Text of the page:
In this guest article, Jason Winmill of Argopoint offers suggestions for outside counsel when firm selection processes and negotiations involve the procurement function.
Many corporations are starting to involve internal procurement groups in the process to select outside counsel. Unfortunately, some outside attorneys haven’t adapted to this development. Lost opportunities and frustrated outside counsel can result.
Suggestions for Outside Counsel to Work More Effectively with Corporate Procurement:
- Understand and Follow Procurement’s Process: The procurement function, at its best, strives to run a fair process. In some situations, outside counsel will accidently or deliberately try to thwart the procurement process (e.g., performing “end runs” to senior management). In my experience, this proves detrimental, and can disadvantage firms. Learn the “rules” and follow them in detail and in spirit; this is generally the best policy.
- Educate Procurement Where Possible: Procurement professionals are not all-knowing experts on all legal services, or your firm. There is often an opportunity to educate procurement. When possible, be generous with your time to help procurement achieve greater understanding of your firm and value.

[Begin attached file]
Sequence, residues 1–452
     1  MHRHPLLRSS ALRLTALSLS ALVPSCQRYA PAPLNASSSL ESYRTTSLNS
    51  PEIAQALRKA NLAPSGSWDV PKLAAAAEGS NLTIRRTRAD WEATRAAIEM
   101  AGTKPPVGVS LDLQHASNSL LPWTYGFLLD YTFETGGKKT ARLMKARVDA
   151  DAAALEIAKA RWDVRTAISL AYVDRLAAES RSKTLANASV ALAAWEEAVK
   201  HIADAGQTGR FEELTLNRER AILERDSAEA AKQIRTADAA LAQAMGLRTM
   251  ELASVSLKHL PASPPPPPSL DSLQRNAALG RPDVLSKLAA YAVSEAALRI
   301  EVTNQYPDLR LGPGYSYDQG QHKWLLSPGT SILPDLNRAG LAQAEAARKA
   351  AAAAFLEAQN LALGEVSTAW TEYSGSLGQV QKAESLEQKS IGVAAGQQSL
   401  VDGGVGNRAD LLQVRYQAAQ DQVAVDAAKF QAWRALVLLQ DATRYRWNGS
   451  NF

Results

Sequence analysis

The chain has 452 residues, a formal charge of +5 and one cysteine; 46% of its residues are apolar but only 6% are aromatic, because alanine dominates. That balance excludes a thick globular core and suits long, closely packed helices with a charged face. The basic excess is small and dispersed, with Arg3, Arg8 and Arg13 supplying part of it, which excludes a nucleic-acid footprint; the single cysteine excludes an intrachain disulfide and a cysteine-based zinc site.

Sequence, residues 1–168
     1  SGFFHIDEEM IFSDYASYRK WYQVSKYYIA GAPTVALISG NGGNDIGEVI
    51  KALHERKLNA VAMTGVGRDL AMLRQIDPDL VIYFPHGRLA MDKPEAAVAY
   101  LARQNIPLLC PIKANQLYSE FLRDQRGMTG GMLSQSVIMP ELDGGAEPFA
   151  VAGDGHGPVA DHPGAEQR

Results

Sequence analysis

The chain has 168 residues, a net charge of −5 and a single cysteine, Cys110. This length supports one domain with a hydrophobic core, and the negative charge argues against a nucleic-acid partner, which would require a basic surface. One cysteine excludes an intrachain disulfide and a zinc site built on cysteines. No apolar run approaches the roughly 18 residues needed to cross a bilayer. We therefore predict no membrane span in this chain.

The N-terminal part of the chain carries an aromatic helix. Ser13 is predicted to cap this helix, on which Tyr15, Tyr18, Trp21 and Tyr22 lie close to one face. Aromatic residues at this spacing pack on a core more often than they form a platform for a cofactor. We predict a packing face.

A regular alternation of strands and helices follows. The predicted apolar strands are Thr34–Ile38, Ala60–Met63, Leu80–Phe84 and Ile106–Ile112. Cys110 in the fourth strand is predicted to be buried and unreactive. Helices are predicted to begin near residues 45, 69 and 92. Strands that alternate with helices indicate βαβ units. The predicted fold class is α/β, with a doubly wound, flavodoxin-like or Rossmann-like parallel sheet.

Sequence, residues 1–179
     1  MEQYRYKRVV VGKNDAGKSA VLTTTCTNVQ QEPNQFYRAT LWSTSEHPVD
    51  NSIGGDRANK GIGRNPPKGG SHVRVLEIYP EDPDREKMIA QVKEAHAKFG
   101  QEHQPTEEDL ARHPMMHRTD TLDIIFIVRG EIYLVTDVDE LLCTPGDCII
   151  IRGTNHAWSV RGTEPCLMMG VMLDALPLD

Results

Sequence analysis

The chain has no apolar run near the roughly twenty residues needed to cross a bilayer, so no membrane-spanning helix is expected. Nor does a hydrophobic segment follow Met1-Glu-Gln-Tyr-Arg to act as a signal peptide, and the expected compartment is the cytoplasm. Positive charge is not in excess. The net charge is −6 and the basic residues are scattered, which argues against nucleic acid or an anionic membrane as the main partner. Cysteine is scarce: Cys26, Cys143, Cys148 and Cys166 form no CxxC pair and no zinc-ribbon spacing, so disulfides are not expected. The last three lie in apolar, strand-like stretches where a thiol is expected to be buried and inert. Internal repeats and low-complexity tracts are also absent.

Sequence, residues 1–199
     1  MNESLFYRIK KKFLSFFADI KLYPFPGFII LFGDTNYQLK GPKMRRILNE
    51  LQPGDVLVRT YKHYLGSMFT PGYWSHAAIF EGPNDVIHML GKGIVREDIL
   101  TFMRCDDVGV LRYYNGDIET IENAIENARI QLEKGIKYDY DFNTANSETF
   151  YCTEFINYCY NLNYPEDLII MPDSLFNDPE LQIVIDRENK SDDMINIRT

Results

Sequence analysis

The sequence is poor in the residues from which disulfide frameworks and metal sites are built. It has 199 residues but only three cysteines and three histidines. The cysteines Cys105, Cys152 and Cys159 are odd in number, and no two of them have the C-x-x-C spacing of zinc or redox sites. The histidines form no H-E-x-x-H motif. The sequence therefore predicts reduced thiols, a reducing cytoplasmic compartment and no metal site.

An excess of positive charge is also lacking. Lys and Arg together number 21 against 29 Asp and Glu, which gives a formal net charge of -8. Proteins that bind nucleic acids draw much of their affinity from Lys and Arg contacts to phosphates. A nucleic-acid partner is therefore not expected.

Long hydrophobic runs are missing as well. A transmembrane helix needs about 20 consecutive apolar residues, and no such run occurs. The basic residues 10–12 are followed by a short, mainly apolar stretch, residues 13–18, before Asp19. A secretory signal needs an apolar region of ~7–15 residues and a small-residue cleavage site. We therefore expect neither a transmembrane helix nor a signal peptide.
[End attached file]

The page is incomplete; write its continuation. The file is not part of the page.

- Ask Questions: Outside counsel often direct all their inquires during the selection process to in-house counsel. However procurement objectives can differ. Therefore, I recommend asking procurement questions regarding their specific priorities (e.g., transparency) and respond accordingly.
- Procurement Professionals are People too: To be sure, there are heavy-handed procurement professionals that give the function a bad name. Remember, just like lawyers, procurement professionals are often stereotyped. A focus on the personal dimension, when appropriate, can be an advantage.
Law firms that understand how to work with procurement can gain a competitive advantage.
To learn how procurement is working with legal departments at Fortune 500 companies, here is the full article on legal procurement.